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7 of 8 people found the following review helpful By Christopher W. Mitchell on January 9, 2007
Format: Paperback
As a homebrewer, it's hard to read this book and not immediately want to brew. What's great about this title (and all of the others in this series) is that it can inspire anyone who's brewed before. For the less-adventurous among us, there's plenty of information here to credibly recreate a "typical" saison or biere-de-garde even if you've never tasted one before. For the more seasoned brewer, however, the frank discussions of the intricate history of these beers and the vageries of style inspire you to create your own unique farmhouse ale.
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3 of 3 people found the following review helpful By Brock Harrison on June 27, 2008
Format: Paperback
This is what every beer book should aspire to be. Farmhouse Ales presents the state of the art in knowledge about the history, ingredients, and brewing techniques of two fascinating and delightful styles of Belgian Ale. Much of the information presented here has not appeared anywhere else in easily accessible form. And the authors have done an outstanding job in being thorough in their presentation of information while at the same time writing in a style that makes this book a pleasure to read. Whether you plan to brew saisons and biere de gardes professionally or on a homebrew level, or whether you just want to enhance your appreciation of two neglected but rich and complicated styles, this book is a must-read. I myself especially treasured the comprehensive information on the yeast strain utilized by Saison Dupont, and on the historical origins of the style. If you're a brewer, this book will make you a better one, and if you're a beer lover, this book will make you love it more.
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3 of 3 people found the following review helpful By Lynn Hoffman, author:Radiation Days: A Comedy VINE VOICE on October 13, 2008
Format: Paperback
These are some of my favorite beers: I like to brew them and I like to drink them. This is an excellent book that has helped improve my beer. It's also alerted me to the tyranny of the idea of 'beer styles'. Not every family of beers can be described by referring to the standard beer judge criteria-sometimes history and culture are just more important.
Well-written and fun to read, this is one of the best books for advanced home-brewers.

Lynn Hoffman, author ofThe New Short Course in Wine
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6 of 8 people found the following review helpful By Carolyn Smagalski on November 2, 2008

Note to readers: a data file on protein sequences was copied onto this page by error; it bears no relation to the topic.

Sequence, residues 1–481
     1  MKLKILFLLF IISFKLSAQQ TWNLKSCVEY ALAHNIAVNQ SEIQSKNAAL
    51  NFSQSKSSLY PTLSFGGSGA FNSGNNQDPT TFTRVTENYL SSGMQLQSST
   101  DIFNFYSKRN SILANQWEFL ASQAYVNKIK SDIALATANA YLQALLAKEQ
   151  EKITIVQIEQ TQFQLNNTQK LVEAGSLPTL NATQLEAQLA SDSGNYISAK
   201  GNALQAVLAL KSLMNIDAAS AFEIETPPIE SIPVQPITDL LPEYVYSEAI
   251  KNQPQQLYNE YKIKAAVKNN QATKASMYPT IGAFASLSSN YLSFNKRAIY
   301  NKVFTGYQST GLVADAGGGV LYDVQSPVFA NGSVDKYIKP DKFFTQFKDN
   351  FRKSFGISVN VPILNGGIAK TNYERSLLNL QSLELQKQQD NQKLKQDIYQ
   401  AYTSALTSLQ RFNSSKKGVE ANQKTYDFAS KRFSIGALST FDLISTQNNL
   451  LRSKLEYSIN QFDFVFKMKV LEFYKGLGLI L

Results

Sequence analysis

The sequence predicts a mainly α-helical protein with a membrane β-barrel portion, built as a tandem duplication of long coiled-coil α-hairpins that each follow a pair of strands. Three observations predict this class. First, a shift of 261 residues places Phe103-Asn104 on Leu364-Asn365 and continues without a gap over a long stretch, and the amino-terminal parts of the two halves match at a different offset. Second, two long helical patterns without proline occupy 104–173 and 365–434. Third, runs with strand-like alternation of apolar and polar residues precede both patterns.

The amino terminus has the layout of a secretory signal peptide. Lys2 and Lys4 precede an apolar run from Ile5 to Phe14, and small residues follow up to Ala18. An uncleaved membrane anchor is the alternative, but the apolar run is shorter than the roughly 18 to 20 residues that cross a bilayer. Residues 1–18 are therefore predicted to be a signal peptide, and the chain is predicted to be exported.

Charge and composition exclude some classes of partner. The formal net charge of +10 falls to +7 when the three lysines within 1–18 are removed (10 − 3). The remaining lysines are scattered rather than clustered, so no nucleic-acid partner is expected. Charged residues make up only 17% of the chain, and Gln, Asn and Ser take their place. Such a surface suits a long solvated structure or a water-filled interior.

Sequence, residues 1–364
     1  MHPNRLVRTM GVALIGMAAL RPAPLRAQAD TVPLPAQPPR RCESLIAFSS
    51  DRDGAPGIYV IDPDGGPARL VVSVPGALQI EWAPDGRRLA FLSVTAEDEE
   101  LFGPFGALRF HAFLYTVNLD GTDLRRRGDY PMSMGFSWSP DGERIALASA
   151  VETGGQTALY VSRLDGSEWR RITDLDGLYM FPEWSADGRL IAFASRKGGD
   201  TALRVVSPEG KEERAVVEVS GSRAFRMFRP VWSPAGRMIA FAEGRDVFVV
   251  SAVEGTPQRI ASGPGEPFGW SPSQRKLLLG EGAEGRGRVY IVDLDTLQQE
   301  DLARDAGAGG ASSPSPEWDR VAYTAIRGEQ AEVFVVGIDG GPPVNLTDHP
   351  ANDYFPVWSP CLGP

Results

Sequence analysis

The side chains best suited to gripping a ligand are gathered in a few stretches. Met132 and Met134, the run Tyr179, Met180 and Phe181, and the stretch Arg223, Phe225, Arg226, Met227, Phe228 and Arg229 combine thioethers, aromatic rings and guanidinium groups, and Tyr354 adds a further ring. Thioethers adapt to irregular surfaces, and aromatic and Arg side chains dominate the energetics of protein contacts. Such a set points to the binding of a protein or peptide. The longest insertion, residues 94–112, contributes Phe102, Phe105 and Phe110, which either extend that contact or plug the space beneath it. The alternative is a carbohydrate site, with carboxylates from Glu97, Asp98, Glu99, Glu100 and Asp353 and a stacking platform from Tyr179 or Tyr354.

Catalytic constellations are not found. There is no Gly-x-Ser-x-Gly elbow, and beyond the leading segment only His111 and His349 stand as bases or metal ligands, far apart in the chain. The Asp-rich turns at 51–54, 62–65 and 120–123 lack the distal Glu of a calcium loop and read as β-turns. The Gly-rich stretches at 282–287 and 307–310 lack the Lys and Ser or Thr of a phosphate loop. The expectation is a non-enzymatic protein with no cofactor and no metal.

Format: Paperback
An introduction to farmhouse ales is a liberating experience for those who live by the rules of endless possibilities. In Farmhouse Ales: Culture and Craftsmanship in the Belgian Tradition, Phil Markowski provides a vivid literary experience by clearly defining the elusive quality that holds such allure for the beer enthusiast, whether as a brewer, historian, or beerficionado. Enhanced by a superb historical essay on Saison by Yvan DeBaets and a well-grounded foreword by Tomme Arthur, this volume stands as a comprehensive guide to the brewing traditions that so clearly define France and Belgium.

Traditional Farmhouse Ales comprise the family of beers known as Biere de Garde and Saison, although the line that separates the two styles is often blurred by traditions that have struggled to endure, despite the upheavals of changing borders and paradigms, World Wars, and industrialization that led to the closure of countless small farmhouse breweries.

My personal experience has consisted of esoteric discussions that seek to delineate the differences between Bieres de Garde and Saisons. Our conclusions echo the subtle intangibles that Markowski so clearly defines. In his observation about Saison, he states, "These vague and varied descriptions will frustrate anyone foolish or stubborn enough to try to pin down these wildly complex, deceptively simple rustic ales," and of Biere de Garde, he says "If there is any accepted physical or sensory standard, French brewers may quietly acknowledge it, but will put their own spin on it to make it their own."

Markowski pushes onward, however, seeking to define them by presenting their historical significance and the conditions under which they developed.